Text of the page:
"In this scholarly mirror universe, where truth and fiction are equally interesting so long as they titillate the creative intellect, and where a generalised hostility to Western interests can pass as a proxy for political progressivism, the old hard Left and the new far Right join together in a splendid danse macabre, Black and Red carolling in joyous euphony."

My only complaint is the subtitle: "How Conspiracy Theory Has Shaped Modern History". That sounds too much like something a conspiracy theorist would say!
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5.0 out of 5 stars the sad, the lonely, 16 Dec 2014
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tomtom (London, United Kingdom) - See all my reviews
The only book I've ever read which places conspiracy theories (in democracies) firmly in the looney tunes box. Superby researched and pointing the finger accurately at the paranoid, the sad, the lonely, the corrupt and the plain barmy, this is the book to put organised conspiracy in its proper place.
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4.0 out of 5 stars Interesting book, 19 May 2014
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This review is from: Voodoo Histories: How Conspiracy Theory Has Shaped Modern History (Kindle Edition)
Most of the way through reading this at the moment and I think it's great. Well written and with a decent level of evidence to back it up. I'm assuming of course that the references are genuine :)
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5.0 out of 5 stars A beautiful BS destroyer, 5 April 2014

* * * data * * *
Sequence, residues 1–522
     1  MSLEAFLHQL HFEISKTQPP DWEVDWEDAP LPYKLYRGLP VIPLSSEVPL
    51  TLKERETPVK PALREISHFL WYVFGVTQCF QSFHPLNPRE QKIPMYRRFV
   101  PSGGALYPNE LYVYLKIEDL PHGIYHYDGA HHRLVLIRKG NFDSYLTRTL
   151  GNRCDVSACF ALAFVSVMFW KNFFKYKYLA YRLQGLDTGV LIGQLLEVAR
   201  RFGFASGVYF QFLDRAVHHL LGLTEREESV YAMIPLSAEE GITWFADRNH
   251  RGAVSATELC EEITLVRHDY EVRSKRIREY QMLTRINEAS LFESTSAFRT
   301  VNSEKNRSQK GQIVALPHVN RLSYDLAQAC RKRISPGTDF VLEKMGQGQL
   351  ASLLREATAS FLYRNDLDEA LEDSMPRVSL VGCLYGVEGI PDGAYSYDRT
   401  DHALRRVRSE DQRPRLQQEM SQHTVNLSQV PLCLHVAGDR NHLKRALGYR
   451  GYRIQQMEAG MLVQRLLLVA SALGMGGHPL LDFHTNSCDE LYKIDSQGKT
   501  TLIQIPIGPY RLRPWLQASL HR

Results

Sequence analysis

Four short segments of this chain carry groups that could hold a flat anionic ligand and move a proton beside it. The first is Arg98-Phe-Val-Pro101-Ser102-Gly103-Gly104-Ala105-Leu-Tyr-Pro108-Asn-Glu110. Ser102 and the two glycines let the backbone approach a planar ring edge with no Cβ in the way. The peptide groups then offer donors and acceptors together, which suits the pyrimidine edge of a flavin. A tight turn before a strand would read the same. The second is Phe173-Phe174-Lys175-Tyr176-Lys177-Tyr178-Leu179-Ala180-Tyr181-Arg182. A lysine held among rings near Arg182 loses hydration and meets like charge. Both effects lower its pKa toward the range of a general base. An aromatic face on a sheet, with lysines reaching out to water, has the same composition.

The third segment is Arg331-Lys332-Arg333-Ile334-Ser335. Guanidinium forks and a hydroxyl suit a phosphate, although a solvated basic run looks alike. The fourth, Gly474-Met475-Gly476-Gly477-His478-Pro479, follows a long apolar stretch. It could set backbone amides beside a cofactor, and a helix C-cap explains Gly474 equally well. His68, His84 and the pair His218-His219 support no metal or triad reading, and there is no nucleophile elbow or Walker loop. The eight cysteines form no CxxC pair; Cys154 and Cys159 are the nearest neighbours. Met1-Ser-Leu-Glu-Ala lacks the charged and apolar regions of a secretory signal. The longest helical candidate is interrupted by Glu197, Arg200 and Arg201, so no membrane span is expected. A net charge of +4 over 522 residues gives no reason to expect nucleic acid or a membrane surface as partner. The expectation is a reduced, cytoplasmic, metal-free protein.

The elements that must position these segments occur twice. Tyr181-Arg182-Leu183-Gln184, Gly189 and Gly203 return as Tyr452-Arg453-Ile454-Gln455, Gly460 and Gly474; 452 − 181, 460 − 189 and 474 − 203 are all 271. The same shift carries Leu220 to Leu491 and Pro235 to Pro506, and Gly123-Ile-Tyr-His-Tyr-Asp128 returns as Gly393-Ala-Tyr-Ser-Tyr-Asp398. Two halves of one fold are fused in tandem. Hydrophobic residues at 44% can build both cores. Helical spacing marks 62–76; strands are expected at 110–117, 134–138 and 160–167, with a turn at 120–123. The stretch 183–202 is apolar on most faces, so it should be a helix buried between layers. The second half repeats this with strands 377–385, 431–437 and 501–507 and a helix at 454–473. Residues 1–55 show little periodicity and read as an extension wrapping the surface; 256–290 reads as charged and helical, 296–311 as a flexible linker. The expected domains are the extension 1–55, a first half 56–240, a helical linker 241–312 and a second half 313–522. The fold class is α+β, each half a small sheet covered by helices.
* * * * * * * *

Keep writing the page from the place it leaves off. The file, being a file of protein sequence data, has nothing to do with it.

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We all know somebody who thinks alien replicants from beyond the moon have teamed up with the reverse vampires and the world wide order of Masonic lodges to strip us of our vital bodily fluids...

well do them a favour and buy them this book! It is highly researched, very well written and keeps you entertained with a mixture of wit and fascinating myth busting knowledge.

As far as I am concerned this should be prescribed reading on the history syllabus, as FAR too many people are falling for the post modern fiction, masquerading as fact, that is the 'conspiracy movement' in our society!

Do yourself and humanity a good deed today and memorize this book in case you come across one of the legions of misguided keyboard warriors who sit around in their mothers basement wearing tin foil hats!
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3.0 out of 5 stars voodoo histories, 11 Dec 2013
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The categorisation of the subjects was unclear. Index inadequate. Good subject but careless production. Author did not bring to the book the same attention to clarity that he applies to his Times comments.
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5.0 out of 5 stars Brilliant, 29 Sep 2013
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Mr. Mac (Gloucester UK) - See all my reviews
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This is a great book and well written, that will make you think about some of the rubbish churned out to us all the time through the popular media.